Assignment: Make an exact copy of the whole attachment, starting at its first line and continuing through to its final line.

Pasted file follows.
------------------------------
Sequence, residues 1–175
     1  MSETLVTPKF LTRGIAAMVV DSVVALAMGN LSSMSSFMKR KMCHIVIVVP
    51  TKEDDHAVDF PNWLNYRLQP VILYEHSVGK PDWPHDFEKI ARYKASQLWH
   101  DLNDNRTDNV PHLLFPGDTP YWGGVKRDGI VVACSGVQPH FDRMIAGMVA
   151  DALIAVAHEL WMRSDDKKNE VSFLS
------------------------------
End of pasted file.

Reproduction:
Sequence, residues 1–175
     1  MSETLVTPKF LTRGIAAMVV DSVVALAMGN LSSMSSFMKR KMCHIVIVVP
    51  TKEDDHAVDF PNWLNYRLQP VILYEHSVGK PDWPHDFEKI ARYKASQLWH
   101  DLNDNRTDNV PHLLFPGDTP YWGGVKRDGI VVACSGVQPH FDRMIAGMVA
   151  DALIAVAHEL WMRSDDKKNE VSFLS